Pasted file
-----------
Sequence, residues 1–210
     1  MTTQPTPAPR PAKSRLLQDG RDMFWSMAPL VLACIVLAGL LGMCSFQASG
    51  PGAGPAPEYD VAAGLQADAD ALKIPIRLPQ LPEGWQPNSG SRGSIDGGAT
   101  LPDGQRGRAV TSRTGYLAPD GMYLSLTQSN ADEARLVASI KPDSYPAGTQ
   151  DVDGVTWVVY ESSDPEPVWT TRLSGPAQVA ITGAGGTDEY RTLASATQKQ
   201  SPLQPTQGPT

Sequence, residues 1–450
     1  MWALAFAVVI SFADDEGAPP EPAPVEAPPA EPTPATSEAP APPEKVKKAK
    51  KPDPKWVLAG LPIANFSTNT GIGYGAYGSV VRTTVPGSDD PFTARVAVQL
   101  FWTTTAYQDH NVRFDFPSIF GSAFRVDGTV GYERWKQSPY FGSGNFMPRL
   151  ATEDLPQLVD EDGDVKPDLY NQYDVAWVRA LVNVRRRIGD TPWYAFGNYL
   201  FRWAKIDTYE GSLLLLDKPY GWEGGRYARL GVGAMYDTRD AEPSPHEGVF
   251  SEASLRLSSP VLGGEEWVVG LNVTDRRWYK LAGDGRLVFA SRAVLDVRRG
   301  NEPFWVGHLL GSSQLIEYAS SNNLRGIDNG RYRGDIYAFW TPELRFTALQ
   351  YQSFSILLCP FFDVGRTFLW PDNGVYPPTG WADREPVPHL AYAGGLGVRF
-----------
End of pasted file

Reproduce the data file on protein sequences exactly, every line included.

Sequence, residues 1–210
     1  MTTQPTPAPR PAKSRLLQDG RDMFWSMAPL VLACIVLAGL LGMCSFQASG
    51  PGAGPAPEYD VAAGLQADAD ALKIPIRLPQ LPEGWQPNSG SRGSIDGGAT
   101  LPDGQRGRAV TSRTGYLAPD GMYLSLTQSN ADEARLVASI KPDSYPAGTQ
   151  DVDGVTWVVY ESSDPEPVWT TRLSGPAQVA ITGAGGTDEY RTLASATQKQ
   201  SPLQPTQGPT

Sequence, residues 1–450
     1  MWALAFAVVI SFADDEGAPP EPAPVEAPPA EPTPATSEAP APPEKVKKAK
    51  KPDPKWVLAG LPIANFSTNT GIGYGAYGSV VRTTVPGSDD PFTARVAVQL
   101  FWTTTAYQDH NVRFDFPSIF GSAFRVDGTV GYERWKQSPY FGSGNFMPRL
   151  ATEDLPQLVD EDGDVKPDLY NQYDVAWVRA LVNVRRRIGD TPWYAFGNYL
   201  FRWAKIDTYE GSLLLLDKPY GWEGGRYARL GVGAMYDTRD AEPSPHEGVF
   251  SEASLRLSSP VLGGEEWVVG LNVTDRRWYK LAGDGRLVFA SRAVLDVRRG
   301  NEPFWVGHLL GSSQLIEYAS SNNLRGIDNG RYRGDIYAFW TPELRFTALQ
   351  YQSFSILLCP FFDVGRTFLW PDNGVYPPTG WADREPVPHL AYAGGLGVRF